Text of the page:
Flashcards can be an excellent learning and teaching tool especially when introducing new vocabulary or drilling familiar words. Besides being used by the teacher, they can also be used in a variety of activities and even posted around the classroom for students to reference.
How To Proceed
Introducing new vocabulary The words on these flashcards should be in a simple font, large enough for students at the back of the classroom to see, and printed in an easy to read color. Generally the reverse side of the card would have an image or a translation. When introducing new vocabulary hold the flashcards up high enough for everyone to see and do some choral repetition with students one word at a time revealing the reverse before moving on to the next word. It is easiest when holding a set of flashcards to remove the front card and move it to the back as opposed to moving them back to front. Especially with beginners, only a handful of words should be introduced at a time.
Drilling vocabulary After introducing new vocabulary, it is a good idea to review it often. At first, pronounce each word, have students repeat each word as a class, and prompt them for the translation. This will be slower in the beginning however as they become more familiar with the words, there will be no need for you to demonstrate pronunciation or prompt them. When the students get to this stage with a set of vocabulary, challenge them by flipping through the words at a faster pace. Translations are no longer necessary.
Practice Small sets of flashcards can be used in a variety of fun activities. Here are some easy ones.
-A variation on Snap – Cards can have words, pictures, or numbers printed on one or both sides. Students play in groups of three to five. First have students spread the cards out (face up) on the desk in the middle of each group. Then simply say one vocabulary word aloud at a time. Students, upon hearing the word, must repeat it and slap the corresponding card. The student who slaps the correct card first gets to keep it and the student with the most cards in each group wins the round.
- Go fish – Cards can have printing on only one side and must be opaque. The deck must have two or four of each card depending on how many vocabulary words you would like to use. Around 50 cards in a deck would be good. Students play in groups of three to five. First have students shuffle the deck and deal five cards (face down) per student. Put the remaining cards in a pile (face down) in the middle of the desk. Students take turns asking other members of the group for cards trying to gather the necessary two or four cards of a particular word. You can make the asking and answering dialogue more or less complicated depending on your students. The simplest method is to have the student whose turn it is look directly at another student and simply say the word he is looking for. The student being asked for a card can then either respond by saying the word and handing the card over or saying “Go Fish” in which case the student whose turn it is must draw a card from the center pile.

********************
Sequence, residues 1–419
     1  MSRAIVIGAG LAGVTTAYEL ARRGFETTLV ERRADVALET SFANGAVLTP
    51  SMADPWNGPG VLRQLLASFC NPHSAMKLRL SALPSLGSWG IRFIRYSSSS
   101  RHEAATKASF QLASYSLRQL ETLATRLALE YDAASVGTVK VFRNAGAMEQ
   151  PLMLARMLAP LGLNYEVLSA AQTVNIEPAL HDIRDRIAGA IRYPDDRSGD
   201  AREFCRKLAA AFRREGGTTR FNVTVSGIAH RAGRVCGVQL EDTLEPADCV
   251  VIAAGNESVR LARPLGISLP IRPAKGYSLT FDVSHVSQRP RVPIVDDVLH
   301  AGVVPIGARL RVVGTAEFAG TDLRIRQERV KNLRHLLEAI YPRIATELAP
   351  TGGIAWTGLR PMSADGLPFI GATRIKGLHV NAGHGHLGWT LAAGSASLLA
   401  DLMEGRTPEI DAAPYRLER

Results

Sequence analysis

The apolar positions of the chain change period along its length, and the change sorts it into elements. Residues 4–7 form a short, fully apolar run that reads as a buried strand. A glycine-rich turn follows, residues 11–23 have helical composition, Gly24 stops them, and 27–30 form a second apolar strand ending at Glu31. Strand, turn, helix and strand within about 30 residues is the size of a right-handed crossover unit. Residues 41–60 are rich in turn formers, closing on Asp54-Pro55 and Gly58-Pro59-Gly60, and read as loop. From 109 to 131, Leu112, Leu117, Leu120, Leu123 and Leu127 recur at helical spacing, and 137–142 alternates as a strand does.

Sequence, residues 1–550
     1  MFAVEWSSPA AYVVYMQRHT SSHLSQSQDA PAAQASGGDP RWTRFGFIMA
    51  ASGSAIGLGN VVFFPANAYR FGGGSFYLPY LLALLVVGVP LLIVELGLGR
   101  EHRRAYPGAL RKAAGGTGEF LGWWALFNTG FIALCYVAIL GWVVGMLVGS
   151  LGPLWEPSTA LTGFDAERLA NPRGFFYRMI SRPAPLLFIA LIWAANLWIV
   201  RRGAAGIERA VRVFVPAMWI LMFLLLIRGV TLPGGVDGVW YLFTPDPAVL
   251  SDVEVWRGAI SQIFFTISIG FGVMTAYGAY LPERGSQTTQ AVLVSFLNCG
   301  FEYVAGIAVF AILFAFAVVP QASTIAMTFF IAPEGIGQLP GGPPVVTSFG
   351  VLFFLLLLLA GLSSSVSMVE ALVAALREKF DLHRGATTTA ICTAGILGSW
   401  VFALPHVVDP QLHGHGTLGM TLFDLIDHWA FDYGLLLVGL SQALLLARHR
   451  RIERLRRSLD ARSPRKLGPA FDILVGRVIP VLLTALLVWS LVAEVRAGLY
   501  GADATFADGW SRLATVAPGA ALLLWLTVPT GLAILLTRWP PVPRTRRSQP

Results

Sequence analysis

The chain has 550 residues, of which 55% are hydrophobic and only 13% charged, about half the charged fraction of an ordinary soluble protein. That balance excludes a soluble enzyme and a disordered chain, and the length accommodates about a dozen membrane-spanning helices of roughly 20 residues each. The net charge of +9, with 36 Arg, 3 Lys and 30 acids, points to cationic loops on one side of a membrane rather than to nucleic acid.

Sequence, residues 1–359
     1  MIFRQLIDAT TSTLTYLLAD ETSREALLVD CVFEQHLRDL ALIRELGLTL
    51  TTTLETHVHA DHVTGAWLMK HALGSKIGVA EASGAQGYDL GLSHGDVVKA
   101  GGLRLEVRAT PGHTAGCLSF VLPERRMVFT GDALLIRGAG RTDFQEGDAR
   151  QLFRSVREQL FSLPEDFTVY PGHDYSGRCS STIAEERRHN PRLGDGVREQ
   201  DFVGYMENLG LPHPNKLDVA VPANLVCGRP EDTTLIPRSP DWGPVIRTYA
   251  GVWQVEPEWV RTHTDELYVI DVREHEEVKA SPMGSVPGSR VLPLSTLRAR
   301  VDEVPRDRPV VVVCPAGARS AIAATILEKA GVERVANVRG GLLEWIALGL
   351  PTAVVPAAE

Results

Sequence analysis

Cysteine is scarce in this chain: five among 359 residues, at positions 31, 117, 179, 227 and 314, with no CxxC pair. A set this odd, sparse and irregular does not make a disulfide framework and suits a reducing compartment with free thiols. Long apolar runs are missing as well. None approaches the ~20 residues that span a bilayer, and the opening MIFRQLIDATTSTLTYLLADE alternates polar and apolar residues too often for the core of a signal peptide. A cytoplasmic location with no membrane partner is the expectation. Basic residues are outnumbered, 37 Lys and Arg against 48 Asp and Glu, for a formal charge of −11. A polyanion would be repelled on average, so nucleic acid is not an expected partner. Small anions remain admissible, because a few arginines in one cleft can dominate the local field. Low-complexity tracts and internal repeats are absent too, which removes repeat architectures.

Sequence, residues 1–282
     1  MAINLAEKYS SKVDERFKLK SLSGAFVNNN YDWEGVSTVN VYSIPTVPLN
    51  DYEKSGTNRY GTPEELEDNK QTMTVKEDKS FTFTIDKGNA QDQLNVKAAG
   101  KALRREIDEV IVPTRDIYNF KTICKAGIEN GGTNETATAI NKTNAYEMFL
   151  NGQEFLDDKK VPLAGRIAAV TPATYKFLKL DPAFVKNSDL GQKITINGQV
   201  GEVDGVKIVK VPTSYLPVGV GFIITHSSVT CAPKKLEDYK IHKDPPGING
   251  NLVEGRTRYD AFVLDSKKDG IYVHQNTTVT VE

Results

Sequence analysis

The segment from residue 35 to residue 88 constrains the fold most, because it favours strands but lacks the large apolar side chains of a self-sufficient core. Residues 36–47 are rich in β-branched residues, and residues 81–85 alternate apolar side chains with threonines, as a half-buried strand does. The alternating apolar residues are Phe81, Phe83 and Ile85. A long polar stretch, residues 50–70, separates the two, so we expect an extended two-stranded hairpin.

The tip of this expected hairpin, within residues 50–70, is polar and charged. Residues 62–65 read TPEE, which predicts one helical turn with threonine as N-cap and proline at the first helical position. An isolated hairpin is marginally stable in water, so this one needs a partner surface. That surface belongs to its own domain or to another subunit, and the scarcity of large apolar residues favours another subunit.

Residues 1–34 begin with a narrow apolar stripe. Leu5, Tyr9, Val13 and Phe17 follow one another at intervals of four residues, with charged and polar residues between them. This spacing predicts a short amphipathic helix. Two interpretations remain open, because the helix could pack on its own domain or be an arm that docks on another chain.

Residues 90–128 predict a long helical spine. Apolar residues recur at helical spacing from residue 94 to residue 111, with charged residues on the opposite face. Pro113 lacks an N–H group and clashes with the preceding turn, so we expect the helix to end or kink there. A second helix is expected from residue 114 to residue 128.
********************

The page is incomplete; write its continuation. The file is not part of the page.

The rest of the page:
- Memory – Cards can have printing on only one side and must be opaque. The deck must have two of each card or perhaps have an image and a word for each vocabulary word. Students play in smaller groups usually no more than four. Students should start by shuffling the cards and laying them out (face down) in a square or rectangular grid. Students take turns flipping over two cards trying to find a matching pair. If a matching pair is found, the student whose turn it is gets to keep both cards and the student with the most cards at the end of the game wins the game.
Review Before tests and quizzes, challenge your students with lots of flashcards by combining all the sets they need to review. It may be a bit overwhelming but if they have truly been building upon their knowledge during the course of their lessons, they should perform well. Difficulties with large sets of flashcards or vocabulary would suggest that they require more practice when new vocabulary is introduced and more consistent practice of words they have already learned.
There are many games, which your students are sure to enjoy, that make use of flashcards. As long as flashcards are clear and simple, they can be invaluable in your teaching.
Tara Arntsen has worked with English Language Learners of all ages for many years and has taught in Japan, Cambodia, and China as well as online. When she is not teaching, she enjoys cooking, traveling around the world, and scuba diving. She is a member of the Honor Society of Phi Kappa Phi and is currently pursuing an M.A. in Teaching-TESOL at the University of Southern California.
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